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In Atlanta, Integrated Water Management + Community Engagement=Resilience

Atlanta GA is, to say the least, a complex place.  It has been the herald of various “New South” efforts (some of which weren’t really so new) since the 1880s, and even today contains all of the depth and self-contradictions that can be found across the entire country.

So it wasn’t really surprising to find that Atlanta is the location for a recent case study report on the American Rivers blog, where it had been picked up from an earlier River Network posting.  These two national organizations, which until fairly recently had reflected stereotypes of environmental orgs as interested in “wild” places where elites could afford to travel for recreation, have become increasingly attuned to urban issues of environmental equity and water management.

This case, like many in Atlanta and other urban locales, begins with a large scale infrastructure decision affecting a neighborhood comprising largely poor people and communities of color.  The vicinity of Turner Field, formerly the home of the Atlanta Braves baseball team, has been carved up by highways, leveled for sports complexes and parking lots, and otherwise converted to a sea of impervious surfaces over the past 50+ years.  Now the Braves are leaving; what shall the site become?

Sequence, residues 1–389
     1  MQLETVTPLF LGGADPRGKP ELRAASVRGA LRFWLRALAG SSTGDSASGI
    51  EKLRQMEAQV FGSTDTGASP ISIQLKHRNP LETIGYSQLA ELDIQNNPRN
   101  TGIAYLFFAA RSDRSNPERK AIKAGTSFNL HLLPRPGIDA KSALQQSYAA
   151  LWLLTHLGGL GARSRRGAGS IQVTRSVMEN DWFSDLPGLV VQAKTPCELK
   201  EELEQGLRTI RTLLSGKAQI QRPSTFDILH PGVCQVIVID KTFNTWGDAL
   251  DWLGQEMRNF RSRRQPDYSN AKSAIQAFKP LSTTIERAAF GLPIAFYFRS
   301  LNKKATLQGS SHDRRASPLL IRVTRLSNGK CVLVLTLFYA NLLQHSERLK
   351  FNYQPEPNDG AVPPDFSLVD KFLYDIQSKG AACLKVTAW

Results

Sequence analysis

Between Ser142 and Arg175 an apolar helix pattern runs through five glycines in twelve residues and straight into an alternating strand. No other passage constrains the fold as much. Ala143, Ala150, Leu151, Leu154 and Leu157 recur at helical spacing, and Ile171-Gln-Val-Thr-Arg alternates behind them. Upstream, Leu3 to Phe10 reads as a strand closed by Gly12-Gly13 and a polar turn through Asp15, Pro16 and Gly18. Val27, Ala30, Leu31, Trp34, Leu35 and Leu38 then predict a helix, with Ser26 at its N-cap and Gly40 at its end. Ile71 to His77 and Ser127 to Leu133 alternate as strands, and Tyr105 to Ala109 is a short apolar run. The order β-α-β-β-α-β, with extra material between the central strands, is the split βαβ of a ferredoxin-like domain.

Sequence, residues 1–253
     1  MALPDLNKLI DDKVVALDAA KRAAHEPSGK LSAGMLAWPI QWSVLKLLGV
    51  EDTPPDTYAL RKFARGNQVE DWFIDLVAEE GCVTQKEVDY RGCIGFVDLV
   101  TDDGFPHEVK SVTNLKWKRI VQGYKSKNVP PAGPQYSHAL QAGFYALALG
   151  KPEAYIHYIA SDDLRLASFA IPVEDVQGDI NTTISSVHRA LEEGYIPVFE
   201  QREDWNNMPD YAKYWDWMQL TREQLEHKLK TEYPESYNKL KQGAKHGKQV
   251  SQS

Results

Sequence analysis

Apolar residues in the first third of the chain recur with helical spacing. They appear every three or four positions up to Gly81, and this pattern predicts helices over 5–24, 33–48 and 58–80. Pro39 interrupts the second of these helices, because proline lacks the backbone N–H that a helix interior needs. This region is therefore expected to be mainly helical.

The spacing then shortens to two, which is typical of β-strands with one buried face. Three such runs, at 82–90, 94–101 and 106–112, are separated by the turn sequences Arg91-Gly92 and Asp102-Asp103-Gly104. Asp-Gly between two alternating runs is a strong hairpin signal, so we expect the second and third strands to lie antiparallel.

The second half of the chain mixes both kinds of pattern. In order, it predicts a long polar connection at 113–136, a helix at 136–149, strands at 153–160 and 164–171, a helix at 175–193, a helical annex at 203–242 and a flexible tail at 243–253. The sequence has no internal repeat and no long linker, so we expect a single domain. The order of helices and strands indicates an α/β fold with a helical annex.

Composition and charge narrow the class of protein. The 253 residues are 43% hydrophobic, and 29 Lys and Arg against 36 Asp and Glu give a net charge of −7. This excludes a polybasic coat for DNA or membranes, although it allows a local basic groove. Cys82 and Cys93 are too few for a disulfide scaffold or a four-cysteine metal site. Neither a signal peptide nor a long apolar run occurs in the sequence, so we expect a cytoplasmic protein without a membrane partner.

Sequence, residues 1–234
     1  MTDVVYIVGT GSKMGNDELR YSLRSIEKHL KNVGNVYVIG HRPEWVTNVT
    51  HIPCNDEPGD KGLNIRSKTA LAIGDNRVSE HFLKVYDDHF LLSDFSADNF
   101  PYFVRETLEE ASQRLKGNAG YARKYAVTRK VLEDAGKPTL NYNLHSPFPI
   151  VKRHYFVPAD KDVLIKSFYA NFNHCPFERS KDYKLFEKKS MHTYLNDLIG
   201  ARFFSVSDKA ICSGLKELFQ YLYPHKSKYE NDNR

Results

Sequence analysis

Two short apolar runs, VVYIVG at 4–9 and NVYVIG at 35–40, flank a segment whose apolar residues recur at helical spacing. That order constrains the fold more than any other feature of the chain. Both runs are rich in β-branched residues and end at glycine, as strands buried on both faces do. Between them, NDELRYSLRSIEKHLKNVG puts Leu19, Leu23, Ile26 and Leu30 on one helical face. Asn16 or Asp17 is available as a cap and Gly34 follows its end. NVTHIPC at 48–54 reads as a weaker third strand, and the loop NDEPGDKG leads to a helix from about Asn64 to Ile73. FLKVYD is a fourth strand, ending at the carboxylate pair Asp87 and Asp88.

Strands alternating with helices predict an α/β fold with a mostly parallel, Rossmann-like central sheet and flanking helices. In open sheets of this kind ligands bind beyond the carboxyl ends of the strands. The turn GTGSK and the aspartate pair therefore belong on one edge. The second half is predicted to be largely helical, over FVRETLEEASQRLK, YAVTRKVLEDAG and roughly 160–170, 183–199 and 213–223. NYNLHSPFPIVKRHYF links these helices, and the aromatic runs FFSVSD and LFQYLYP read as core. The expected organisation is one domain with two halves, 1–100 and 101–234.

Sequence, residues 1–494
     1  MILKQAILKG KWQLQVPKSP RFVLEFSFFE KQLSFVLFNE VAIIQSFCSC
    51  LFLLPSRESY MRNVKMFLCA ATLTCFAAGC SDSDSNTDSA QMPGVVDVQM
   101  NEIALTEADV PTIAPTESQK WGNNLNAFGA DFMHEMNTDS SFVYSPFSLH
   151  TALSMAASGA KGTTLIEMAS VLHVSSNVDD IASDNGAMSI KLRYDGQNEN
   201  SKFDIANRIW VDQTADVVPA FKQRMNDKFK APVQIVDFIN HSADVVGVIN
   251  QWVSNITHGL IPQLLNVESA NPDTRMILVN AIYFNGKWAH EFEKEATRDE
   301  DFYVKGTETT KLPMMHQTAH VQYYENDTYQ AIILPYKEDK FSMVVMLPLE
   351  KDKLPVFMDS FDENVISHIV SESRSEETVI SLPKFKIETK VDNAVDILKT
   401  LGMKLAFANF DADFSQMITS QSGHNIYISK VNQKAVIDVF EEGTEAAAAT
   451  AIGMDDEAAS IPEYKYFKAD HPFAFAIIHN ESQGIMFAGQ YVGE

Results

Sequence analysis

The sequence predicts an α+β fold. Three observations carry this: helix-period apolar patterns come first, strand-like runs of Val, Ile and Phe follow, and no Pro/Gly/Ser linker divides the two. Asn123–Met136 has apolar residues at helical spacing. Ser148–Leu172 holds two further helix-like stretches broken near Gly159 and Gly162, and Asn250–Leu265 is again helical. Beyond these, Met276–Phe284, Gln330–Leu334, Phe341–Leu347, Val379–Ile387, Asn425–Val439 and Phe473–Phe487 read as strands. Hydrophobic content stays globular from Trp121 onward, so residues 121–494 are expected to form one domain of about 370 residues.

In this instance, American Rivers collaborated with ECO-Action, a community environmental justice group, to devise specific approaches to stormwater management that would support the mixed-use development that was the neighborhood’s #1 redevelopment priority.  Working together, planners proposed measures that would capture the first 1.8″ of rainfall, an amount that covers over 90% of the rainstorms the city sees.  Capturing that water on site, rather than having it rush off into an already flood-prone neighborhood, provides benefits for the neighborhood as well as the nearby Chattahoochee River.

How did they do it? The author, Jeremy Diner, offers suggestions that are familiar to community organizers although not, perhaps, part of river advocacy “tool kits” yet:

This experience suggests that we start by breaking out of our own silos. We free up more evenings to attend community meetings. We trade our keyboard for a telephone or a handshake. We listen more and talk less.

Can’t really say it any better.

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